The role of a manager in the modern world of globalization, innovation and diversity is one that includes having a vision. Vision implies an ability to see, to envision, global space. It also connotes an ability to see far ahead into the future (Parikh and Neubauer, 1993). It is by being a visionary that the new global manager establishes himself as one who is also a leader. It is not enough to have just a vision; he must also have the ability to communicate it (Bennis, 1995) and later realize it. In fact, according to Hitt and Keats (1992), the manager’s task involves creating a vision, fusing it with the corporate culture, mobilizing of commitment and institutionalizing of change. Thus managers need to be able to create the vision and convert that vision into action. Ronnie Lessem cautions that this calls for emotional commitment that may totally change the personality of the manager (Lessem, 1996).

In this age of globalization, diversity is being increasingly perceived as an asset to the organization and a multicultural workforce is thus considered to perform better in the global context. Globalization has brought in more immigrants to the United States and hence there is greater diversity in the workplace. In order to maximize the benefits of diversity, the managers should help employees develop a culturally informed approach to customer service, and tap new potential markets (Challenger, 2005).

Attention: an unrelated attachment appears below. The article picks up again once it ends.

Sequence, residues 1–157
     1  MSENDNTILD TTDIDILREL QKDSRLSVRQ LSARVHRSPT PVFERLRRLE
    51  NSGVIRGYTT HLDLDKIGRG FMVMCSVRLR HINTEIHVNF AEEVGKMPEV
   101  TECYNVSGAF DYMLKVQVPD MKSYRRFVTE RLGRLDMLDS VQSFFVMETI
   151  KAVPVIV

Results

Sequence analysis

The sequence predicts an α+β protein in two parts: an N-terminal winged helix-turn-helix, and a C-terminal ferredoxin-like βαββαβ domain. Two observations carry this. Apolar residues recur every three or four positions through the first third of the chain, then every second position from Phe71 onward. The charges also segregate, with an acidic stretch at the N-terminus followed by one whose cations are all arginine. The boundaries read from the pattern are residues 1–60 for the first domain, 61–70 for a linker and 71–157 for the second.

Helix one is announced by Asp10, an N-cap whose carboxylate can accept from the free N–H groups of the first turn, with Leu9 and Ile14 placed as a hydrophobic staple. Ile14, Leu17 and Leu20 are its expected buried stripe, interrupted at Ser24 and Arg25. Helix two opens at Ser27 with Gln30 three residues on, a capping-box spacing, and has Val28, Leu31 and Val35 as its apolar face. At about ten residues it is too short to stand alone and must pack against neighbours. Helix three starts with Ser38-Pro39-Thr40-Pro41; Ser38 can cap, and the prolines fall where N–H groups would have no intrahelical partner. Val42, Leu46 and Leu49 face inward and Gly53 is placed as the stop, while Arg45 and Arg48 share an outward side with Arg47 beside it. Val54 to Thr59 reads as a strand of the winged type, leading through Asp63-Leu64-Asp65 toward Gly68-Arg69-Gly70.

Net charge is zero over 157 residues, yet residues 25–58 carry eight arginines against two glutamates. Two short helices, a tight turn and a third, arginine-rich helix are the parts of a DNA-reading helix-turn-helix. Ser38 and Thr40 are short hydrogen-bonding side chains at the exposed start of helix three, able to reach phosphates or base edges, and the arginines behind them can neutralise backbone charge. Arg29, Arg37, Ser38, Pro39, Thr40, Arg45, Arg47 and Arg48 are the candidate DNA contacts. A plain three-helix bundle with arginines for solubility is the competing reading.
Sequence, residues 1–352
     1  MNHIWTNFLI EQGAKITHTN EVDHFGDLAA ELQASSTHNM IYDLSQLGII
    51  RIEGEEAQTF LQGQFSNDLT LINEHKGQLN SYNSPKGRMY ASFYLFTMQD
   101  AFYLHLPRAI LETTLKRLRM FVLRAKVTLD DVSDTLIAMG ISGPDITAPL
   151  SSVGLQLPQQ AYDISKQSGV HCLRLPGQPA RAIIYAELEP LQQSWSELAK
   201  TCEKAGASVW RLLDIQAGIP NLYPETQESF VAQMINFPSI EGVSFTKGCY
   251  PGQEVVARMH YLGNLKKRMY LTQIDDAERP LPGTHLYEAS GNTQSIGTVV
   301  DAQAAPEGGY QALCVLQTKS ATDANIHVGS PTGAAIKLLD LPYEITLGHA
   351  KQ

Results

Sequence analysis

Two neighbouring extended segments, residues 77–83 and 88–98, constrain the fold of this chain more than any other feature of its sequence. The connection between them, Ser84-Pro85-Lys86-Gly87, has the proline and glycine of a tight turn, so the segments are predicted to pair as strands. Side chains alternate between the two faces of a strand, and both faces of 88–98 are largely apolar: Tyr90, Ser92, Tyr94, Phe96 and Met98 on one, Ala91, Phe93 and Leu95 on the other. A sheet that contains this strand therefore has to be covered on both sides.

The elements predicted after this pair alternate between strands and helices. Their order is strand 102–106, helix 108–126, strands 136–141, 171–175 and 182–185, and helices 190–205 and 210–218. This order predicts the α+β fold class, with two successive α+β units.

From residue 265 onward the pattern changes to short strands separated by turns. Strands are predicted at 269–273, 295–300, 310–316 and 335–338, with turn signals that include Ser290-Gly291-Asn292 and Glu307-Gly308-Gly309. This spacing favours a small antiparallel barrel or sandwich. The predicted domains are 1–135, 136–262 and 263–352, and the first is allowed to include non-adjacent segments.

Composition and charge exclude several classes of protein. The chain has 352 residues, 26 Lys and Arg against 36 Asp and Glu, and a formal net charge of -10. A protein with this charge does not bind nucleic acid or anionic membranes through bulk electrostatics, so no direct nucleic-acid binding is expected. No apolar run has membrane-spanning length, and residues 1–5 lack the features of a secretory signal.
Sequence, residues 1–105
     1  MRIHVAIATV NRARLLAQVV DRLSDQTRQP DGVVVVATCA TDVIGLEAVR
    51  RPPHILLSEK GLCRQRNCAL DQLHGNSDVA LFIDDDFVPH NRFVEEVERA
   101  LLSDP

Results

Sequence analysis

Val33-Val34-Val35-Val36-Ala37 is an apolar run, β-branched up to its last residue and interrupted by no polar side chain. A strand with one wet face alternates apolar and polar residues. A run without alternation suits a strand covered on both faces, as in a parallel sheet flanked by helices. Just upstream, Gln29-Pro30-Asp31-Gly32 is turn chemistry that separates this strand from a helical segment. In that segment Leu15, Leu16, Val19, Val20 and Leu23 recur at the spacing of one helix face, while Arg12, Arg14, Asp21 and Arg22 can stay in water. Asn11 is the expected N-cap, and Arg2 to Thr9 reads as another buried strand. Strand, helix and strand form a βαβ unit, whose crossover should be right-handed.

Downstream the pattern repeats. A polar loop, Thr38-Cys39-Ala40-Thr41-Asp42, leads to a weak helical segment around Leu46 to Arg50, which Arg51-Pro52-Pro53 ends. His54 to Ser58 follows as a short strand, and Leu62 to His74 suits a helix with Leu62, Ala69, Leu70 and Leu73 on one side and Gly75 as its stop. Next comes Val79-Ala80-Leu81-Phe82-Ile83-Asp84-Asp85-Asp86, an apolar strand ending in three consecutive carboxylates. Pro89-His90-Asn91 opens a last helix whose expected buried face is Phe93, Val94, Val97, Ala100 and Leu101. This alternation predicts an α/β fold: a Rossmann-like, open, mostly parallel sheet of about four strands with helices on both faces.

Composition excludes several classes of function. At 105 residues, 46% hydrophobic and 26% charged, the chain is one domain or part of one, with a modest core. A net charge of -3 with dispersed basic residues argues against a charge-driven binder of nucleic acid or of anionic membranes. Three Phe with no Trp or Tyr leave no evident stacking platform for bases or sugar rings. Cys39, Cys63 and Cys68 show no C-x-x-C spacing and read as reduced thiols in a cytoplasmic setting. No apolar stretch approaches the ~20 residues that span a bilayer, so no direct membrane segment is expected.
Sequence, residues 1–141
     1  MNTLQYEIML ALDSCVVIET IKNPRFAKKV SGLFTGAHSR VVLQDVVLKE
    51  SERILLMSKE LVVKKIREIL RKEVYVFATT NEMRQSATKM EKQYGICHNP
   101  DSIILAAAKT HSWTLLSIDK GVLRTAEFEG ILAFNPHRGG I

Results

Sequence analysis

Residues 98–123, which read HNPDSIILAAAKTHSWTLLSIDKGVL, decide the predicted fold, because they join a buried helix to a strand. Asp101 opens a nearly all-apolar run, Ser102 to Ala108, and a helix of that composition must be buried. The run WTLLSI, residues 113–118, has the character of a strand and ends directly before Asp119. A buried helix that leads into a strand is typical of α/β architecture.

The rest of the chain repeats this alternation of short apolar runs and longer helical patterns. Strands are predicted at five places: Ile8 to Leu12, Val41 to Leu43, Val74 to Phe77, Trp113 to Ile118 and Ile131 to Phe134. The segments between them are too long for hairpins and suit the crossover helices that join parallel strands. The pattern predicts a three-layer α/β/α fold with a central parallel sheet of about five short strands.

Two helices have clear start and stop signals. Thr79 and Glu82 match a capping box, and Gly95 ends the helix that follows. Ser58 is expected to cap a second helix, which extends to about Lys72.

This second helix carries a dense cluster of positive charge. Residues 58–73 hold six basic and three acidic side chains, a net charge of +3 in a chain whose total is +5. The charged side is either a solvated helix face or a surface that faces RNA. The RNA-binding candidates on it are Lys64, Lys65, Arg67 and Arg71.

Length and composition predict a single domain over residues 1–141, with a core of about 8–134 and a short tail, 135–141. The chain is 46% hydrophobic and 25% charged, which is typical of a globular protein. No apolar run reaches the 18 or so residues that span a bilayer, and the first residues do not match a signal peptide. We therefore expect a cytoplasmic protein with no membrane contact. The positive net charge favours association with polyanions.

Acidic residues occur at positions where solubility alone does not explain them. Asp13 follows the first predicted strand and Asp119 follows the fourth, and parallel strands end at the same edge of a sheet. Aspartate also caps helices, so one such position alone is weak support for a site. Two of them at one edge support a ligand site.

In the near future, technology will tend to erode the classic job functions but there is still one important are in human performance that technology cannot replace. It is the role of intuition. Intuition and creativity distinguish human beings from machines. Only humans are capable of changing and reprogramming their thinking patters through creative understanding and self-motivation. Arupa Tesolin, seminar leader and consultant at Intuita Training & On-Line Learning Institute says: “Today, being intuitive is not a luxury, but a necessity”. When changes around the world are taking place at a rapid rate, intuition alone can help global managers to forge ahead. Dependence on logic, reason, paper trails and oppressive hierarchy will make companies lag behind on all fronts. Managers must help in creating an organizational culture that promotes intuition. Intuition is the element that can providing warning signals to the manager while taking a wrong decision and it is also the element that allows the manager to sense an opportunity when it arises. Intuition is responsible for insight, quick action in the face of danger and clear direction amid uncertainty. It is also an important element of innovation and perception of others.

Conclusion

Thus the role of the manager has been totally redefined in this age of globalization, innovation and diversity. Basically, the manager of today needs to be a leader, a man of vision and action. He needs to have a global perspective and the skills to communicate, motivate and get things done in any part of the world.